Red Top Mountain State Park camping reservations are not site-specific which means first come gets the best sites and those that arrive late, well, get the leftovers. Check-in begins at 1 pm and the sites fill up quickly. I suggest getting there early if you want a prime spot on the weekends.
If you are a tent camper, there are 5 tent sites on the tip aka “tent peninsula” that are right on the water. Those look nice. However, there wasn’t much shade to them, and they are right on top of each other. If camping with friends or family, this is nice, but if you are the quiet sort, you may be slap dab up against obnoxious hell raisers. We found several other sites that were more secluded have ample shade and were also right on the water. (see map below) If you are tent camping, look to see if those are open.
The prime spot in the non-electric/water sites is 46. And in the electric/water section site, 21 is incredible. Site 30 is pretty nice, but there is a camper spot right beside it, which means you may hear their RV running.
While we weren’t able to snatch one of the prime waterfront sites, our lot, surrounded by massive granite boulders, overlooked a deep wooded ravine. There wasn’t much left when we arrived at 4:30 PM. We saw site 56 that we liked and circled to go back to it, but someone beat us to it. We then went to site 58 which turned out to be nicer. There wasn’t anyone to our right but the road curved at our site which caused headlights to blind us while sitting by the fire at night. We solved this by moving our chairs to face the ravine instead.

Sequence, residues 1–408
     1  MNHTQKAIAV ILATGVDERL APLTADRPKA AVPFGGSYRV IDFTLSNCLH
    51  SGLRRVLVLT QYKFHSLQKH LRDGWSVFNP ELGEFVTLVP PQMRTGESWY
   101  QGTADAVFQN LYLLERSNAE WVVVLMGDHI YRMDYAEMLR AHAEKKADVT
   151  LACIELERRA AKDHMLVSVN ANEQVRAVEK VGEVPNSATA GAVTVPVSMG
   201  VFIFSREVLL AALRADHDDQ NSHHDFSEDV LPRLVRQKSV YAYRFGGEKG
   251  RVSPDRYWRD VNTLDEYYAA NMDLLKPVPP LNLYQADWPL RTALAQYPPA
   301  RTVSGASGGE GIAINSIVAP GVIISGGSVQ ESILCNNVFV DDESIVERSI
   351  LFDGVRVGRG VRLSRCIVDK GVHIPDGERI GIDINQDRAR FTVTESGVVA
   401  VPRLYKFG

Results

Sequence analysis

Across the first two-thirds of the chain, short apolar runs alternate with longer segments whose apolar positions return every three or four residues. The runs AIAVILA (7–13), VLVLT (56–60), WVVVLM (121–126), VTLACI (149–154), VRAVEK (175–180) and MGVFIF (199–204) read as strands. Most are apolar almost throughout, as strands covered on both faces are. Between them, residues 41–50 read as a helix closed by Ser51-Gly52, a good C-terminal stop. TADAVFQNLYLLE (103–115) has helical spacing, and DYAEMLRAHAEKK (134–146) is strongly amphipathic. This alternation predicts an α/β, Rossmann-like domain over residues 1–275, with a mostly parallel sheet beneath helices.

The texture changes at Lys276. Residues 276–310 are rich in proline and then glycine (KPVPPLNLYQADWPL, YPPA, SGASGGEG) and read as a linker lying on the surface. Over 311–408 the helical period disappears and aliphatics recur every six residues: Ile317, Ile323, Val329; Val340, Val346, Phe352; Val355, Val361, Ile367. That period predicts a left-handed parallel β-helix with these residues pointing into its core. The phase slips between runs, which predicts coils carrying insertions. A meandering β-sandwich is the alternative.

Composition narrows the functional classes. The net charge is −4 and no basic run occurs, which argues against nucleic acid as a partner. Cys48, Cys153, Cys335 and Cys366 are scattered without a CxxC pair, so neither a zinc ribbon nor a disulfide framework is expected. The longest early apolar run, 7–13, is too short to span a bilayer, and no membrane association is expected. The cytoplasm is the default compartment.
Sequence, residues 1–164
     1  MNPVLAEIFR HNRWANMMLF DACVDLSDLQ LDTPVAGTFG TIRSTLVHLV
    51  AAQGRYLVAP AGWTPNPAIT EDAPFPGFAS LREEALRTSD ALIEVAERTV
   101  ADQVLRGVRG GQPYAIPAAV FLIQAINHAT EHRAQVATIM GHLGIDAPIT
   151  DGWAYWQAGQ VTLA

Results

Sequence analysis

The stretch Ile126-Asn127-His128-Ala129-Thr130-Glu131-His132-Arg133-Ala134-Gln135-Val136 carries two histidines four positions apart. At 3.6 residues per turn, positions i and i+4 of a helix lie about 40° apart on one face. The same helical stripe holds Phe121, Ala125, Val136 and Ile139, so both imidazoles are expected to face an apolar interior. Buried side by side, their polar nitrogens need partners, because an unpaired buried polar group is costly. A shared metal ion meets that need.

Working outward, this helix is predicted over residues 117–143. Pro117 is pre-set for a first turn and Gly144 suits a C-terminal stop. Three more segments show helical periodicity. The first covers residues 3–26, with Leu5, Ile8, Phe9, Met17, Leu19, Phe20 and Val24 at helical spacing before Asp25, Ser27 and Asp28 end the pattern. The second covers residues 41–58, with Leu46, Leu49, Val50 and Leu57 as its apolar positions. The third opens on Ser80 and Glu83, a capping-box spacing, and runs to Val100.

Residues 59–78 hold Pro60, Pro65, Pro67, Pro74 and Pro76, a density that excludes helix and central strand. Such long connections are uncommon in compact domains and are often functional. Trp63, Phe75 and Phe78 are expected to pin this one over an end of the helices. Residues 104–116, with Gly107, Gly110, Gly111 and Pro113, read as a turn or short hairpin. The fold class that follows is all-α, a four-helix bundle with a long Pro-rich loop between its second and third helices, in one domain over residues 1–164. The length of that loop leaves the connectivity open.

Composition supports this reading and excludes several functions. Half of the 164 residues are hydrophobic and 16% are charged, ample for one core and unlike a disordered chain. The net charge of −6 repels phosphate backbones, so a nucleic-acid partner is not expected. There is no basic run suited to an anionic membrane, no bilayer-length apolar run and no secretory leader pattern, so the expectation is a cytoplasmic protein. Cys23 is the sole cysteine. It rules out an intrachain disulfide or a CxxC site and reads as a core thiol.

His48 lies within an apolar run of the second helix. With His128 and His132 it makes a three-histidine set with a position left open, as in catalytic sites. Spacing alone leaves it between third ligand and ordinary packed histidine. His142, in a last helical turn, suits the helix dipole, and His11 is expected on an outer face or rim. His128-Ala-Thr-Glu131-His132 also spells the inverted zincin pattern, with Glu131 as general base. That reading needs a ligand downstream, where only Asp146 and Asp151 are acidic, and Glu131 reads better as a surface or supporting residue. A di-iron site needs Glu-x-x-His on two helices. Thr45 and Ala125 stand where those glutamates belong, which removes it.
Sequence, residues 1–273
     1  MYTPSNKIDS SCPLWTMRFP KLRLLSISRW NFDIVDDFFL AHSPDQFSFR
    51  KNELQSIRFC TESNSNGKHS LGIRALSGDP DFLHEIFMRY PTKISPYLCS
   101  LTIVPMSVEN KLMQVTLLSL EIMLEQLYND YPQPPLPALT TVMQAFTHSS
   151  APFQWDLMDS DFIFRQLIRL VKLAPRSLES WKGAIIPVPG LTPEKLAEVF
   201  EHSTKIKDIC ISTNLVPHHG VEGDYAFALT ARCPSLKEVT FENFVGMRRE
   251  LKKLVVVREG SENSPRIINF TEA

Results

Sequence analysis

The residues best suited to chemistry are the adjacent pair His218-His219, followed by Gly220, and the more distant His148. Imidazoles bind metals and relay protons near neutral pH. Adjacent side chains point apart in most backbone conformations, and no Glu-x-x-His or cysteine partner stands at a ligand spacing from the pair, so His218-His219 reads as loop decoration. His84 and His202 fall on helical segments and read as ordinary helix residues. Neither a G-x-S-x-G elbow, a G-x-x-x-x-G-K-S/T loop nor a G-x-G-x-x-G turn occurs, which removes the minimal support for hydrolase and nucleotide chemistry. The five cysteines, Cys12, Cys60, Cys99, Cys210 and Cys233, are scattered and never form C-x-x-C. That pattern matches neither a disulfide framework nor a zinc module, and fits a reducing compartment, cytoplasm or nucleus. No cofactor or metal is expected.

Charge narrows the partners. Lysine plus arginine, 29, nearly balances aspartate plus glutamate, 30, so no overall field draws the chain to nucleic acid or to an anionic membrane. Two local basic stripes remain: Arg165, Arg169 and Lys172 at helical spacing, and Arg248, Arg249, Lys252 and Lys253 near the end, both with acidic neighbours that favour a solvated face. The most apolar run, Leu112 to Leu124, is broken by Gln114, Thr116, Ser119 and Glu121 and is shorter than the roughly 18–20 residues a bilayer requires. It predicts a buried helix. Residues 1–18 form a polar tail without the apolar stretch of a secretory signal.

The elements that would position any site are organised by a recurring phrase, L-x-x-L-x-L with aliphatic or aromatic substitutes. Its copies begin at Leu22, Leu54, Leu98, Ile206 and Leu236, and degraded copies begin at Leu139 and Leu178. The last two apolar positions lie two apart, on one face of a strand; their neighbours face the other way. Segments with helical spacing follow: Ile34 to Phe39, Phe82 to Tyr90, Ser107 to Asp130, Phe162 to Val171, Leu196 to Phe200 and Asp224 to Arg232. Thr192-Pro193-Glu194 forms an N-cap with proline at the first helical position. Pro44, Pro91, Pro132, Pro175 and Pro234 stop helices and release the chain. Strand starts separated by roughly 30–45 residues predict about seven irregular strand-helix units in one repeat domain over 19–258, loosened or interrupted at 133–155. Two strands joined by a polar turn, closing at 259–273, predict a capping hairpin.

During the 1800’s Red Top Mountain was a vital iron mining area. As the iron was hewn from the ground, the soil was burnt red. From a distance, it appeared that the top of the mountain was red, thus the name. The park resides on a peninsula surrounded by Lake Allatoona; Red Top Mountain is in the Northwestern section of the park to the Southwest is Allatoona Pass Battlefield where 1,505 Americans (Union: 706, Confederates 799) lost their lives during the civil war. The marina lies on the Northern tip of the peninsula, where you can rent a boat or Waverunner. If you want to rent a kayak visit, Little Marina or Glade Marina.
Redtop Mountain has a 12,000-acre lake, an outdoor classroom for children to investigate and a beach where you can take a dip to cool off. With 15 miles of trails for you to traverse there is plenty of wildlife to see. One of the paths takes you to the relocated Vaughn cabin, 1860’s homestead. I can’t find much information about the Vaughn cabin or if it was own by the Chief (of the Cherokee Nation) Vaughn’s family but Jill at Red Top Mountain State Park visitor center told me that the farmhouse was located about 12 miles away from the state park. The house had modern siding, and when they removed the siding, they found that the wood beneath it was quite old. To be specific, it dated back to 1860. The state of Georgia removed the wooden structure piece by piece, marked it and moved it to the location within the park and placed it back together. It is worth seeing.
Shane and I give this campground a 7 on our wanderluster scale. Plenty of hiking with beautiful scenery. We loved giant boulders along the shore and in the campground. The bathrooms facilities are clean and the campsites are large. There is plenty of waterfront shore to walk along, and several choice spots for camping. The campground gets pretty packed on the weekends. The sites are very close to each other, and there isn’t much seclusion. We like a bit of room, so we don’t hear every word our fellow campers speak. This one should be a definite on your camping to-do list.
Keep the Lust for Wandering, Y’all!
Shane & Fran
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